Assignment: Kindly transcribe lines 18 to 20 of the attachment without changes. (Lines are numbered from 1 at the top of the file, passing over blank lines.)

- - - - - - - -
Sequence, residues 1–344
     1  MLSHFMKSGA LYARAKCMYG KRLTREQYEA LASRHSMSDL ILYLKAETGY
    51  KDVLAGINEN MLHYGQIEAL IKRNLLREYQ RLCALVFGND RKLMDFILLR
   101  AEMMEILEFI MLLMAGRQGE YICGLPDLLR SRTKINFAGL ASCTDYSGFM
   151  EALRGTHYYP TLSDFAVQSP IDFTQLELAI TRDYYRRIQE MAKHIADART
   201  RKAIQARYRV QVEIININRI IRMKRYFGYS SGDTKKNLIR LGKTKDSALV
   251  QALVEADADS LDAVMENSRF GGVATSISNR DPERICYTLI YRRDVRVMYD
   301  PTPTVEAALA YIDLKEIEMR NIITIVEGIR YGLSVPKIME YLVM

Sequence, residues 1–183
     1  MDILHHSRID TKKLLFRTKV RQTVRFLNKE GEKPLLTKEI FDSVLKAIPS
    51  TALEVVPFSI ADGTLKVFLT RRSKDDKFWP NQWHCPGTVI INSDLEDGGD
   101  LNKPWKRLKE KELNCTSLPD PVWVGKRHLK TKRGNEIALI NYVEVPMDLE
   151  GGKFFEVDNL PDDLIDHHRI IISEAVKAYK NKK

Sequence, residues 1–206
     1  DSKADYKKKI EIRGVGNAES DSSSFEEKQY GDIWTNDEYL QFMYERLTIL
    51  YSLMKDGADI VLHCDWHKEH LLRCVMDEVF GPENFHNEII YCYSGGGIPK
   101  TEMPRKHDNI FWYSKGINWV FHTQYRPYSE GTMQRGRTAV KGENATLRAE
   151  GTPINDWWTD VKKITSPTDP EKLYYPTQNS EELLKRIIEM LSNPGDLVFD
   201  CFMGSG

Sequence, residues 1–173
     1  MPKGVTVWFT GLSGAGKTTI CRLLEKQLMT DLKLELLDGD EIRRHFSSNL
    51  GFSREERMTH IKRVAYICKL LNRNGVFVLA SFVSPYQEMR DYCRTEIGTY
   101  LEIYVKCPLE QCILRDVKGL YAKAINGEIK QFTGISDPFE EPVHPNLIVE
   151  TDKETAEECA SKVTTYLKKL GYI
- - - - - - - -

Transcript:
   151  GTPINDWWTD VKKITSPTDP EKLYYPTQNS EELLKRIIEM LSNPGDLVFD
   201  CFMGSG

Sequence, residues 1–173